X
This website uses cookies to ensure you get the best experience on our website. By continuing to use this website, you consent to our use of these cookies.

News Detail

Imposter Syndrome Part 1: Failure to Toot Your Own Horn

By Andrea Schmitt
Did you just get an A+ and think, “That was pure luck!”  Did you show up for the hockey game despite your stomachache, not play as well as usual and assume, “Any day, they will find out that I shouldn’t have been made captain.” Are you from a foreign country, struggling with the perfect English pronunciation and find yourself thinking, “I do not belong here, my English is just not good enough.” Well, this is imposter syndrome at its best. You feel like a sham, like you don’t belong and fear that others will find out soon, very soon!
 
The term was coined in 1978 by P. Clance and S. O’Toole (quick math, so 45 years ago) and has been studied ever since. According to them, “Imposter phenomenon is the tendency of high achieving individuals to feel as though their success was not earned and instead is a result of luck or a mistake. Imposters often feel anxiety at the thought of failure or being discovered as a fraud.”
 
In dictionaries the term “imposter” is defined as a person who dishonestly pretends to be someone else, sometimes even by using a false title or identity in order to deceive others.
 
Over 70% of people in the US admit that they have experienced imposter syndrome at least once. It is not a psychological disorder, by the way, but a cognitive distortion, which means a negative thinking pattern. You can often find people suffering from this syndrome in high positions. This might include an accomplished hockey team captain, an A+ student or a CEO with degrees, trophies and certificates plastering a whole wall.
Why is imposter syndrome a problem? Well, while having these negative thinking patterns, your body produces a cascade of emotions, and I am not talking about positive ones. These emotions then cause physical sensations in your body that leave you feeling stressed, anxious or insecure.
So, why does this way of thinking happen if you have proof of your success? It is because you don’t attribute the achievement to your own internal efforts but to external efforts like sheer coincidence, a lucky mistake, maybe good connections, a one off or good timing. You might discount praise and focus solely on your deficiencies. The end result? You feel guilty about your success, not intelligent, you fear future success and deny your own abilities. 
Here are some thoughts, characteristics and behaviours that are related to experiencing imposter syndrome. Let’s see which boxes you would tick for yourself:
  • You don’t attribute your achievements to your own efforts
  • You point your achievements to external efforts like sheer coincidence, a lucky mistake, maybe good connections, a one off or good timing
  • You discount praise
  • You focus on your deficiencies 
  • You compare yourself to others and feel “less” 
  • You feel you need to be perfect
  • You underestimate yourself, but overestimate others
  • You feel like you don’t deserve your success
  • You don’t feel intelligent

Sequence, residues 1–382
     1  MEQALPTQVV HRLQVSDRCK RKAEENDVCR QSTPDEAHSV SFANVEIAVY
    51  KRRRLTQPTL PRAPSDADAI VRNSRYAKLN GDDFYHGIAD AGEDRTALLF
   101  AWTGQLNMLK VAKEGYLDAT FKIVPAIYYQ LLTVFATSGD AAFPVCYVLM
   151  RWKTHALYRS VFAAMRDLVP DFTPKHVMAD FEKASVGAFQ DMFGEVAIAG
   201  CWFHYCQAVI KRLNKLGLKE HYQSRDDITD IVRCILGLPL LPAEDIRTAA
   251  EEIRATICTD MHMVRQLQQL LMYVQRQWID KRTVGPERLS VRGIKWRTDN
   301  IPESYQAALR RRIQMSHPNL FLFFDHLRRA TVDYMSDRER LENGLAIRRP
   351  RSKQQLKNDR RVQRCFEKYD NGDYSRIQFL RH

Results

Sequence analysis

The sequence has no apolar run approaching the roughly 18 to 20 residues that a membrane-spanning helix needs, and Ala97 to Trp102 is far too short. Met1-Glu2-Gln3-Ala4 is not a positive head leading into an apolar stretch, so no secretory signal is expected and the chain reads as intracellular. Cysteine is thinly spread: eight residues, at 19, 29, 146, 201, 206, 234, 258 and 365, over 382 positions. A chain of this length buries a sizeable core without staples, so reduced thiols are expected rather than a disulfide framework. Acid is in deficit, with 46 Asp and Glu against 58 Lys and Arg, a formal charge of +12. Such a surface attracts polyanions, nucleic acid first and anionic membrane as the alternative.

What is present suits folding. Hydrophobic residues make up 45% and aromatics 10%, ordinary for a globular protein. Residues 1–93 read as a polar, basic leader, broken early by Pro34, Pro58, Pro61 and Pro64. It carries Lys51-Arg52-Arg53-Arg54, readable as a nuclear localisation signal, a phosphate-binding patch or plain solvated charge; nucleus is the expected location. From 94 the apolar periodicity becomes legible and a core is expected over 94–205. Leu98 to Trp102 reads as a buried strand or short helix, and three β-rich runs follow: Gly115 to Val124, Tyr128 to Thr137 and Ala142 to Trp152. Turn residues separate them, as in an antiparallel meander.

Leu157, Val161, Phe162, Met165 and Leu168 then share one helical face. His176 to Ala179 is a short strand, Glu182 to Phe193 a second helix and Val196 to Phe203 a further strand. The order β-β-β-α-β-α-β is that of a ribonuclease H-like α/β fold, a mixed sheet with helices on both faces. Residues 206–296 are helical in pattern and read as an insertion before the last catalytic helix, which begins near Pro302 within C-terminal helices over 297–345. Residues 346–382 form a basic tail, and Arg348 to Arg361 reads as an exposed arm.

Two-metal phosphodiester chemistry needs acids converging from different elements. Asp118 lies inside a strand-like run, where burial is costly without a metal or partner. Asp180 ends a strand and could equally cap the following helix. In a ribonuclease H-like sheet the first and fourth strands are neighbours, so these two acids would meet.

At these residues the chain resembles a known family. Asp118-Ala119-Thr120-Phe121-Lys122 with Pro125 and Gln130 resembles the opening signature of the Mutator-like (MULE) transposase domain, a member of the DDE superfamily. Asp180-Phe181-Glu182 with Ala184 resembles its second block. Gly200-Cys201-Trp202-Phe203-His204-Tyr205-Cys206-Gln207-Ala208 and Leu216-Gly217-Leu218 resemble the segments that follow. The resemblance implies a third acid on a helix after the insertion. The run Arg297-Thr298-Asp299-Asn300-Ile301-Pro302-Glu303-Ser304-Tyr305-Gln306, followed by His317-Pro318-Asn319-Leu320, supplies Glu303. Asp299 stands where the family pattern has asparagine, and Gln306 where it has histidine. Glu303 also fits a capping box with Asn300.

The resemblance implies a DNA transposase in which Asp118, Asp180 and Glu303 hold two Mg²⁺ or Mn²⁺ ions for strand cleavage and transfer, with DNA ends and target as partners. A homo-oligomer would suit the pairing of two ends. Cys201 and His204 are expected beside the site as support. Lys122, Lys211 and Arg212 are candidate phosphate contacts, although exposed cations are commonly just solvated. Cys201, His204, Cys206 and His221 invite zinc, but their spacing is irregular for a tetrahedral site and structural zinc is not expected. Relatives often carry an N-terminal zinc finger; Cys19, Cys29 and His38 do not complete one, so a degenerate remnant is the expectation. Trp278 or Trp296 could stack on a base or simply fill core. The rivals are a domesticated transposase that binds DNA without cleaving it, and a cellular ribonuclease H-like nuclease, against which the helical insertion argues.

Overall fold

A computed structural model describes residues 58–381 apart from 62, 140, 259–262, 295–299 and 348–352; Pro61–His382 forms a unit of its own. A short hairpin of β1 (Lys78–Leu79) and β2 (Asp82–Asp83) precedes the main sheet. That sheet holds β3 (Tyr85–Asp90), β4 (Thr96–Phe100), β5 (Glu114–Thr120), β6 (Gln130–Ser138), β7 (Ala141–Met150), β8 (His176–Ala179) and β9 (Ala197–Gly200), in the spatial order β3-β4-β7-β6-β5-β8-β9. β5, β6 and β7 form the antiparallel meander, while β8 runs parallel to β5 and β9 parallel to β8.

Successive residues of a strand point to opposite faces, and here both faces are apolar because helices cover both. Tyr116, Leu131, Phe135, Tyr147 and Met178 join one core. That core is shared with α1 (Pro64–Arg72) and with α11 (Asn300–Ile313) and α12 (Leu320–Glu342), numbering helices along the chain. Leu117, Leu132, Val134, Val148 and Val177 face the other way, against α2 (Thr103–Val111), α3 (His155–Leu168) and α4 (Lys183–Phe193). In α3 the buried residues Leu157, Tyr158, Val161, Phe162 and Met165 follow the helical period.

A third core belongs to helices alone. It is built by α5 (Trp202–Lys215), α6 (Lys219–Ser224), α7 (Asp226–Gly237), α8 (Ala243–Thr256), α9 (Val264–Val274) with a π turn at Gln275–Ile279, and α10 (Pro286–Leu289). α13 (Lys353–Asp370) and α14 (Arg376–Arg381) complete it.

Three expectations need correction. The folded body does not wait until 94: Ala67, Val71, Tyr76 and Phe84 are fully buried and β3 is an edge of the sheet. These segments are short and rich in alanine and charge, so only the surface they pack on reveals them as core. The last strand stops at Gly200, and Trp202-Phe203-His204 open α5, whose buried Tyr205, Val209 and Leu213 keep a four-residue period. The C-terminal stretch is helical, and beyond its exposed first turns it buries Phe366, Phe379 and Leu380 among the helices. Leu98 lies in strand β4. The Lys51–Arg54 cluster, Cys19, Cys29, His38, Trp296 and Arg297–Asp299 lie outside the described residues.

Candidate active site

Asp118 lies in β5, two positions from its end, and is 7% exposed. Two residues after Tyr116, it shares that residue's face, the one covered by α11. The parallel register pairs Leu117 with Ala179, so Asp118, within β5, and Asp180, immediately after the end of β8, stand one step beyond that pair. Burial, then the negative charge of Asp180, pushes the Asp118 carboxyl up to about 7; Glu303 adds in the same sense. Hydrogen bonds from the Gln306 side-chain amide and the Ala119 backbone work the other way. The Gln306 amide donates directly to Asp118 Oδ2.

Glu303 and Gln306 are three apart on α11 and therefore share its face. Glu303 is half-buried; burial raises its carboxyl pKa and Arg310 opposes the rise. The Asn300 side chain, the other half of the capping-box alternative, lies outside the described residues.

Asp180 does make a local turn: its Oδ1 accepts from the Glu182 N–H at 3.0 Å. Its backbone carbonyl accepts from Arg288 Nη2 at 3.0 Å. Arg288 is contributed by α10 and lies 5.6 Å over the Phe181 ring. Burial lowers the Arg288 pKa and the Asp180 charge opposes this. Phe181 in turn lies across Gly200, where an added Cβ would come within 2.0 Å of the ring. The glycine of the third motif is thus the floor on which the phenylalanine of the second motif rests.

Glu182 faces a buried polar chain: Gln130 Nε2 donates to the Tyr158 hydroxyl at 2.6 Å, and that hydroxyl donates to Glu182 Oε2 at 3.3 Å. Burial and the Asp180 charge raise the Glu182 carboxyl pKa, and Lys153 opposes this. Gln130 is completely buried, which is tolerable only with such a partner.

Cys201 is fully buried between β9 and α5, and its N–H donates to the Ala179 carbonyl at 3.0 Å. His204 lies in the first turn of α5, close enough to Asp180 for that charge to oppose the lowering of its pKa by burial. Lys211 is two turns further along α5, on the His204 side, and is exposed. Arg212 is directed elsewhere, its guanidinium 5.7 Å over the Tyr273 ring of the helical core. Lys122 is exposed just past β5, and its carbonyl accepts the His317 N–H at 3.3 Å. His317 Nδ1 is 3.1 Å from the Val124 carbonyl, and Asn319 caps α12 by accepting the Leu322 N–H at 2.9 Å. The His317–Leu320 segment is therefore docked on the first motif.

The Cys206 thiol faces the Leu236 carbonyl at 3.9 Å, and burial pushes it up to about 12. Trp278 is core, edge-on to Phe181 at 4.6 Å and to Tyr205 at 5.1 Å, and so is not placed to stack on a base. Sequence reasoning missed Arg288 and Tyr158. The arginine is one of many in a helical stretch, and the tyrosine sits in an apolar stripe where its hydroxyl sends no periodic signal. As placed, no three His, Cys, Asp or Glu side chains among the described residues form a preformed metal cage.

• You don’t like compliments
  • After receiving a compliment, you say “Thanks, but…” (you discredit it)
  • You feel embarrassed telling people about your achievements
What makes imposter syndrome while being in a boarding school even more difficult? You don’t have your usual support system near you, like your family and friends from home. You need to prove yourself in this new environment, desire to make a good impression, want people to like you and not be seen as the weird one. You want to belong to Stanstead College but you feel like you don’t. Depending on whether you’re an international or local boarding or day student, other English speakers might sound brilliant to you, foreign students seem so worldly and day students seem to have the best deal with their families nearby. This additional layer can make the syndrome in your Stanstead environment appear or make it worse.
 
By the way, what is the opposite side of imposter syndrome? It is the Dunning-Kruger Effect, which stands for overconfidence. People who experience this cognitive distortion overestimate their own skills, accomplishments and values. While people with imposter syndrome hate to toot their own horn, overconfident individuals blast their horns non-stop! As often, everything falls on a a scale, and being at either extreme is the problem. A good idea is being around the middle.
 
In my next newsletter, I will tell you about what might cause imposter syndrome, the different types and how to overcome it.
 
Don’t want to wait until next month; need some advice now? Then start with my absolute favourite activity. Think about your very personal imposter syndrome area, like academics, sports, relationships etc. Focus on one for the moment and write down all you have achieved so far, big and small. I am sure you will end up with a long list and feel proud of yourself! Keep the list close by, and when the syndrome is about to strike, take it out, and be amazed at yourself!
 
Wishing you a good week.
 
Kindly, Andrea
 
Andrea Schmitt is a life coach specializing in teenage girls and a former Stanstead parent (Jessica Lozano Schmitt 2018). Find out more about her services at https://www.globalgirlcoach.com/ or email andrea@globalgirlcoach.com. 
Back